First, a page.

Researchers are trying to find alternatives for treating patients who have trouble breathing during sleep. Instead of wearing a mask every night, studies suggest a pill made from chemicals in marijuana could also do the trick.
Sleep scientists at the University of Illinois at Chicago have spent years studying dronabinol – an FDA-approved pill containing tetrahydrocannabinol (THC) – as a potential treatment for sleep apnea.
Earlier this year, they showed that it could significantly reduce the occurrence of apneas, or pauses in breathing, in a small group of patients – and without causing other sleep disruptions.
Research associate Michael Calik, PhD explains that the challenge has been finding a drug that can treat sleep apnea without creating new problems.
“Sleep apnea research has been going on for 30+ years. The main reason why we’ve always reached obstacles regarding finding a drug form to treat sleep apnea has been: when you try to treat sleep apnea, usually you will have other effects on sleep quality.”
However, scientists are keen on finding a treatment regimen that will be easier to follow than the current ‘gold standard’: a CPAP mask. Currently, there is no treatment for sleep apnea in drug form.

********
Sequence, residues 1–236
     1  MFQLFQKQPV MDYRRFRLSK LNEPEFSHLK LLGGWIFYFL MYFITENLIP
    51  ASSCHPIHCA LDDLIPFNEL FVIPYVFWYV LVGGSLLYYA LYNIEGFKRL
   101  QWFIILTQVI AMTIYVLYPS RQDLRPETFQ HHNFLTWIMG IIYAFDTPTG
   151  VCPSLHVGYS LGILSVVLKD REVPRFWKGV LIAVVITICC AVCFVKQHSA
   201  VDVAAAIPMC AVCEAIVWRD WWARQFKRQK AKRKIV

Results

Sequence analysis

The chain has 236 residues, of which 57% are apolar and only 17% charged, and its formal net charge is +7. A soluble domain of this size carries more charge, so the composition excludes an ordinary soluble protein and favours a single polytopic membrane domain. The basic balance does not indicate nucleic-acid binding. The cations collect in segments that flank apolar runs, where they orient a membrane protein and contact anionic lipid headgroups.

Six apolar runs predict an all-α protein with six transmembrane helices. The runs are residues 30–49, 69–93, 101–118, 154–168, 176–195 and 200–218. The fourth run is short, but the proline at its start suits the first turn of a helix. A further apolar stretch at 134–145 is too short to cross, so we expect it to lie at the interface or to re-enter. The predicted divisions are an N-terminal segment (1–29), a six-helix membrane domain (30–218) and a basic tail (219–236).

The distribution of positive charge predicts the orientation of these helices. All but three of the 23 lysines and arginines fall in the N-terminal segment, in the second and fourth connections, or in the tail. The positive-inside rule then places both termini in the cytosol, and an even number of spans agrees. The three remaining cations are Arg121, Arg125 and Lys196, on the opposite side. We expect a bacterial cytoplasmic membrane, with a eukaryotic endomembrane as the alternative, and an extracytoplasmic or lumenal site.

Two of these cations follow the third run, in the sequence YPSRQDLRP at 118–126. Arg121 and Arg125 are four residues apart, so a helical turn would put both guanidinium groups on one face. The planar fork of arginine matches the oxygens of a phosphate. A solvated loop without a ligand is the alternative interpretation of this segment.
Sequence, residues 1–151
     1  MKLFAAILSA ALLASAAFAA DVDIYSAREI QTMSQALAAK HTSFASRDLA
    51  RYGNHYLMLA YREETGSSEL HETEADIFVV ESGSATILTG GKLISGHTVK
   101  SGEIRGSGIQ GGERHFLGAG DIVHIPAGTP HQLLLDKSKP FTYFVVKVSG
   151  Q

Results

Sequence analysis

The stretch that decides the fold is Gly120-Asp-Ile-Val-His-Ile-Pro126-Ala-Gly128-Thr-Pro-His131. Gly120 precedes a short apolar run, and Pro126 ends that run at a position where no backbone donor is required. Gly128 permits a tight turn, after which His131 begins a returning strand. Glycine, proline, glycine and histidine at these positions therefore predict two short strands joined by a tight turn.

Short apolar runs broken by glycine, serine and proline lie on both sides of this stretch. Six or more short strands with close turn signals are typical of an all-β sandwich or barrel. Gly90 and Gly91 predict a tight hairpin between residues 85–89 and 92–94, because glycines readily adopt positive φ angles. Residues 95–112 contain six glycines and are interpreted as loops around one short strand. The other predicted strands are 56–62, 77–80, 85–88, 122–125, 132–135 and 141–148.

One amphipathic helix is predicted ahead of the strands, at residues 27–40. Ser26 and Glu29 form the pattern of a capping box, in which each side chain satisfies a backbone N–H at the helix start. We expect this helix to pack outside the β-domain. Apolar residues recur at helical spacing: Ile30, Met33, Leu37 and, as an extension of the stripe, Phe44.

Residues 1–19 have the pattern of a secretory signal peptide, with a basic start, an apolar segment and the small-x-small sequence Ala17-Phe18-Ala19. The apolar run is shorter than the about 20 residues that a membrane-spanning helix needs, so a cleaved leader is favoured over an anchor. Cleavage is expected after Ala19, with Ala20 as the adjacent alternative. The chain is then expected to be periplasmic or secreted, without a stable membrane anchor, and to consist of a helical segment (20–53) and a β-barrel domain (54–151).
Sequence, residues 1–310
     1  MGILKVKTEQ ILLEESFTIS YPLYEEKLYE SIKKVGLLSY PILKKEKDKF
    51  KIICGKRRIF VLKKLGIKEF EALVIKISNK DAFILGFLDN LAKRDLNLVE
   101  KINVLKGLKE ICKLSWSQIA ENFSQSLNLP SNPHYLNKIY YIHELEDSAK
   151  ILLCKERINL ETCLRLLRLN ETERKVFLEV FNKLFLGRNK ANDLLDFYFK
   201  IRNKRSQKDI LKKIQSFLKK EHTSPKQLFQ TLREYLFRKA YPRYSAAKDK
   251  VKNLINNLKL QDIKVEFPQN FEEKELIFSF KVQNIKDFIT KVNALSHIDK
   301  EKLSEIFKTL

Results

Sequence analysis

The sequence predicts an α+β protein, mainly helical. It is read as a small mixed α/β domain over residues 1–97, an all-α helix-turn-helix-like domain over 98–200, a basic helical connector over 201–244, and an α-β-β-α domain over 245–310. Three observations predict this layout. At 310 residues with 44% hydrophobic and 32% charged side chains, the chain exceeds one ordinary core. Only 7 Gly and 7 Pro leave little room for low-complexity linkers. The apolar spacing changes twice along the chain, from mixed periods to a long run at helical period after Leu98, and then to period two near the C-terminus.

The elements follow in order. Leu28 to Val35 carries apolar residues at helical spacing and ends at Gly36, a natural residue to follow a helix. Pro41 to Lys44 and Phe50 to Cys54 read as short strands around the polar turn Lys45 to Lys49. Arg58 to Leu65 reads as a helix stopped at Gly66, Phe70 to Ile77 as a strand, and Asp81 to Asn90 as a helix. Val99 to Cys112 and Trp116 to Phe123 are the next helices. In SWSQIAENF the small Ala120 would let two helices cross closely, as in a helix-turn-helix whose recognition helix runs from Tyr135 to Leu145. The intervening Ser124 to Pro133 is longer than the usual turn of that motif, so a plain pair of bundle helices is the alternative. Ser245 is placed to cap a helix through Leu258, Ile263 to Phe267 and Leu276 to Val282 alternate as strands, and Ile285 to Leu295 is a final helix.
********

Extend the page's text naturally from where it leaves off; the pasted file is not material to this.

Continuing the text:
“Adherence to CPAP is bad. To pop a pill just before bed, the adherence would be a lot better and it could be a lot easier for people to stick on it. That’s the goal.”
Recently, Dr. Calik co-authored a study that identified how dronabinol works to reduce apneas during sleep, through its action on cannabinoid receptors in the peripheral nervous system. The findings were published this month in the journal Respiratory Physiology & Neurobiology.
“What we found was a minimum of 100 μg injections per nodose ganglia were able to totally attenuate or abolish apnea within rats.”
Dr. Calik says the findings add “proof that what we saw a couple years ago with systemic injections of dronabinol was happening extensively at the peripheral nervous system.”
Sleep apnea is thought to be caused by a loss of muscle tone in the upper airway during sleep, explains Dr. Calik. THC, on the other hand, seems to increase this tone.
While the only study in humans was a proof of concept trial, he notes that dronabinol has already been approved to treat other conditions.
“Dronabinol has been on the market for already two decades, if not more. It’s used to treat vomiting and nausea in cancer patients undergoing chemotherapy.”
Dr. Calik says the next step is to hopefully extend the results through a larger study and to figure out more precisely how cannabinoid mechanisms interact with the peripheral and central nervous systems when it comes to sleep apnea.
The research received funding from the National Institutes of Health